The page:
New US policies could hit tourism
and increasingly embattled at home. Trump retweeted a flurry of praise about his move on Friday morning, all delivered by political allies, from Vice-President Mike Pence to Republican house majority leader Kevin McCarthy.
The White House hit back at criticism of Trump’s decision to scrap the major global climate deal, accusing Europe of trying to “shackle” the US economy — and refusing to acknowledge that climate change is real.
With the US virtually isolated on the world stage, a string of administration officials went on the offensive to justify the Republican president’s decision to abandon the 195-nation Paris deal curbing global emissions.
Trump’s top climate adviser, Scott Pruitt, was indignant.
“The world applauded when we joined Paris. And you know why? I think they applauded because they knew it would put this country at a disadvantage.
“The European leaders, why do they want us to stay in?
“They know it will continue to shackle our economy,” said Pruitt, who serves as Trump’s Environment Protection Agency administrator.
That combative tone came amid a wave of bitter condemnation from around the world and as Trump and his aides refused to say whether he believes climate change is real, in line with the global scientific consensus.
Trump ignored the question when asked by journalists during an unrelated event with law enforcement officers, although he did joke that Thursday’s decision had proved “controversial”.
Along with Trump, Pruitt and White House press secretary Sean Spicer were among those who refused to answer repeated questions on the subject.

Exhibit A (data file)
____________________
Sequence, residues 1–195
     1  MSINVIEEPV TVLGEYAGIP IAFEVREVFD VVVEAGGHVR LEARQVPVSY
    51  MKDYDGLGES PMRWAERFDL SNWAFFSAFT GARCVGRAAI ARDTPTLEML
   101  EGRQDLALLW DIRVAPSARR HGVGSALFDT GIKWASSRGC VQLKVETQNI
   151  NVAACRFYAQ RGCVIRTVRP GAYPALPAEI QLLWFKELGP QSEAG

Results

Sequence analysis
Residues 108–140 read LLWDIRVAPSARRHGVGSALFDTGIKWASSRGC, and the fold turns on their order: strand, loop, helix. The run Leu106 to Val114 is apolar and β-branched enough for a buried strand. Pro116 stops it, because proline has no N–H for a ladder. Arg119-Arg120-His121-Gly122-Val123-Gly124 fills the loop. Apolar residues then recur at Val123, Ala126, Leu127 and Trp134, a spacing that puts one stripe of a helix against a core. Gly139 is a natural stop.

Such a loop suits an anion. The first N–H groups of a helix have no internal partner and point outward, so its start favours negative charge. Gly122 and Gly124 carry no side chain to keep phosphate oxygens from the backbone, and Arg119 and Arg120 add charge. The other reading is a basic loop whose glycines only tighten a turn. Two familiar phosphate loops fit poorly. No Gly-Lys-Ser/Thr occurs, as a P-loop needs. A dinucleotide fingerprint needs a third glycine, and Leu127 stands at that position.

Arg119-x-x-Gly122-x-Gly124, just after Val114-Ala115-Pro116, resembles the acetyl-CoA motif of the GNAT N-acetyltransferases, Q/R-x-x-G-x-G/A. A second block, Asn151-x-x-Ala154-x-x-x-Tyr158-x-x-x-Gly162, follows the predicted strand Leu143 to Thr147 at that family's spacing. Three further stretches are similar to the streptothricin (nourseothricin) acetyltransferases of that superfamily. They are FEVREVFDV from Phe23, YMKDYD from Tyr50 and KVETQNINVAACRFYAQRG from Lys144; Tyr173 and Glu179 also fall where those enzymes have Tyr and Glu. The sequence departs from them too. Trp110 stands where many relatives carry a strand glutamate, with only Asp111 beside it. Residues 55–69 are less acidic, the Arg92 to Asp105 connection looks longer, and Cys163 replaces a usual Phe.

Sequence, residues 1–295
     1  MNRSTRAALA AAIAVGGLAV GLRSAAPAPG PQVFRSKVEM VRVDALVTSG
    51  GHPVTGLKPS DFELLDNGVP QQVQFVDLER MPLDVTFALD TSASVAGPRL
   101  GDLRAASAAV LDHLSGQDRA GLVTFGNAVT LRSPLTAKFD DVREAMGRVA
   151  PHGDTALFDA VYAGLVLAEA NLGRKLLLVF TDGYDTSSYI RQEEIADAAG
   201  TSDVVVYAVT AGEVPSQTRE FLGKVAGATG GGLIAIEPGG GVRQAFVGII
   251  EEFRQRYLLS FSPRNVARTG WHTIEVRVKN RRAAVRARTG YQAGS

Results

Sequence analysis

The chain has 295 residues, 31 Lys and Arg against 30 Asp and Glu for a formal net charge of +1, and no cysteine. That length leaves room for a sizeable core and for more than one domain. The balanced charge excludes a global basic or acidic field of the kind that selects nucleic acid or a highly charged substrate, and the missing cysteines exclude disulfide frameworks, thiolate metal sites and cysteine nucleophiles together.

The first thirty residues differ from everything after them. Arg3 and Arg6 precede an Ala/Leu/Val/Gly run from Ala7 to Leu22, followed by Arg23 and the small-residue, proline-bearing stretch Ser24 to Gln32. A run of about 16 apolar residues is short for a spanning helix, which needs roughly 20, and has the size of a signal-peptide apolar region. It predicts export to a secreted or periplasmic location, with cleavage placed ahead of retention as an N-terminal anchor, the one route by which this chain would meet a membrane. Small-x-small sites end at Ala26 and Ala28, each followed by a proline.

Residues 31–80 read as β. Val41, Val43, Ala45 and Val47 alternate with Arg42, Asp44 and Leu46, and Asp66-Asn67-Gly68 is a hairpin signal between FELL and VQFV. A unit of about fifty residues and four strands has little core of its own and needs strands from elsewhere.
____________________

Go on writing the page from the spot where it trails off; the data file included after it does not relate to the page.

Instead, Pruitt lashed out, saying “We have nothing to be apologetic about as a country” — despite the US being the world’s second-largest emitter of greenhouse gases after China.
As well as a global outcry, Trump’s decision prompted a domestic backlash, with state governors, city mayors and powerful companies already drawing up plans to meet the Paris pact’s greenhouse gas emission targets.
At least two Republican governors announced they were partnering with Democratic-run states to combat climate change.
US billionaire, philanthropist and UN envoy for climate change Michael Bloomberg pledged $15-million (about R192-million) to support the Paris agreement’s coordinating agency if necessary — the sum it stands to lose should the US refuse to pay its share.
Merkel, the EU’s most powerful leader, pledged “more decisive action than ever” to protect the climate after Trump’s “highly regrettable” decision.
Trump’s announcement comes less than 18 months after the climate pact was adopted, the fruit of a hard-fought agreement between Beijing and Washington under former US president Barack Obama’s leadership.
The Paris agreement commits signatories to efforts to reduce greenhouse gas emissions that cause global warming, which is blamed for melting ice caps and glaciers, rising sea levels and an increase in extreme weather events.
They vowed to take steps to keep the worldwide rise in temperatures “well below” 2ºC from pre-industrial times and to “pursue efforts” to hold the increase under 1.5°C. — © PEOPLE in the US travel business have warned that President Donald Trump’s isolationist rhetoric and tougher border controls are going to discourage foreign travellers.
Mobile app Foursquare, for example, reported last week that among its users the share of international tourism to US leisure locations had been declining since October 2016.
ForwardKeys, a travel data provider, reported this week that northern hemisphere summer bookings for travel to the US were down 3.5% over last year — while bookings were up for all other major destinations.
Still, there is no sign yet of the kind of dramatic fall-off in travel to the US that followed 9/11 or the 2008 financial crisis. —